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Just as glandular breast tissue can become cancerous, so can glandular prostate tissue. Autopsy studies show that about half of men over the age of 80 appear to have prostate cancer, and most die without ever knowing they had it.

 

Does food factor into prostate cancer risk?

 

Harvard University researchers followed more than a thousand men with early-stage prostate cancer for several years. Compared with men who rarely ate eggs, men who ate even less than a single egg a day appeared to have twice the risk of prostate cancer progression, such as metastasizing into the bones. The only thing potentially worse for prostate cancer than eggs was poultry: Men with more aggressive cancer who regularly ate chicken and turkey had up to four times the prostate cancer progression risk. On the other hand, less than a single daily serving of cruciferous vegetables such as broccoli, brussels sprouts, cabbage, cauliflower, or kale may cut the risk of cancer progression by more than half.

Researchers suggest that the link between consuming poultry and advancing cancer may be due to cooked-meat carcinogens, such as heterocyclic amines. For unknown reasons, these carcinogens build up more in the muscles of chickens and turkeys than in those of other animals. But what cancer-promoting substance is there in eggs? The answer may be choline, a compound found concentrated in eggs. Higher levels of choline in the blood have been associated with increased risk of developing prostate cancer, and men who consume two and a half or more eggs per week—basically an egg every three days—may have an 81 percent increased risk of dying from prostate cancer.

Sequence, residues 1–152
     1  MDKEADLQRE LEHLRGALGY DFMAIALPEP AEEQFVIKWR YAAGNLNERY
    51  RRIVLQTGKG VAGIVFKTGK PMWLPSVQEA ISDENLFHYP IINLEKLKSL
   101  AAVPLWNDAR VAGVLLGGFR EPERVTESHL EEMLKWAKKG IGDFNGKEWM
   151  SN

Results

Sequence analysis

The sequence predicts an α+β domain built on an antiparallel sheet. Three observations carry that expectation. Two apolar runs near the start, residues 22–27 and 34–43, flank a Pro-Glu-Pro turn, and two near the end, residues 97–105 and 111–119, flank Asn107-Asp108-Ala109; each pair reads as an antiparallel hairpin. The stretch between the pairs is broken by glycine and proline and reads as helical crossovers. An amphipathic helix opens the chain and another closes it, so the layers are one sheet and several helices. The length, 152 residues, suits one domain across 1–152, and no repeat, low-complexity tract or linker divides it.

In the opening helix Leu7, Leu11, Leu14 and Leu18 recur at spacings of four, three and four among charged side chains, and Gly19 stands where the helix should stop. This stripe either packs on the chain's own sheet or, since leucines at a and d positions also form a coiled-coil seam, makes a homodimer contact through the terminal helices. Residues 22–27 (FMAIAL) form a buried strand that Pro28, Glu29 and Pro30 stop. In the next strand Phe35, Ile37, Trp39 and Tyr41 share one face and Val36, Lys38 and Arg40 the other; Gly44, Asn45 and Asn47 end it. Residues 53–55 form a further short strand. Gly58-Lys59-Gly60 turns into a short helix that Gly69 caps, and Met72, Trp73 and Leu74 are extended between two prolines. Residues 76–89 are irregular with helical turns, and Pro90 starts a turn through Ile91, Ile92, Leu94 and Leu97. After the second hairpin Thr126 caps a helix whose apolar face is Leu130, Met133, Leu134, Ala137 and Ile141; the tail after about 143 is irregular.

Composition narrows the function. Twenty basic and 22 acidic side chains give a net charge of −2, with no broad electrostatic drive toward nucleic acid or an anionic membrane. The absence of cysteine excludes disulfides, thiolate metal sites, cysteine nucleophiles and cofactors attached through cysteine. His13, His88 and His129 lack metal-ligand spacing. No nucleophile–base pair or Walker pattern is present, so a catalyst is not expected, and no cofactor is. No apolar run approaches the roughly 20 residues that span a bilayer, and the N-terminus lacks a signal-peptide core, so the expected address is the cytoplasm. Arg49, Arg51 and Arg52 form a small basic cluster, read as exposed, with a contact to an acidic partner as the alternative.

Dairy, too, appears to play a role. A 2015 meta-analysis found that high intakes of dairy products—milk, low-fat milk, and cheese, but not nondairy sources of calcium—appear to increase total prostate cancer risk.

Dr. Dean Ornish and Pritikin Research Foundation researchers showed that the blood of people randomized to a plant-based diet group appeared dramatically less hospitable to cancer-cell growth than the blood of people in the control group who continued to eat their typical diet. The blood of people eating plant-based diets was shown to fight cancer about eight times better than those on the standard American diet, as well as suppress cancer cell growth by 70 percent, nearly eight times the stopping power compared to those on a meat-centered menu.

Image Credit: designer451 / Thinkstock. This image has been modified.

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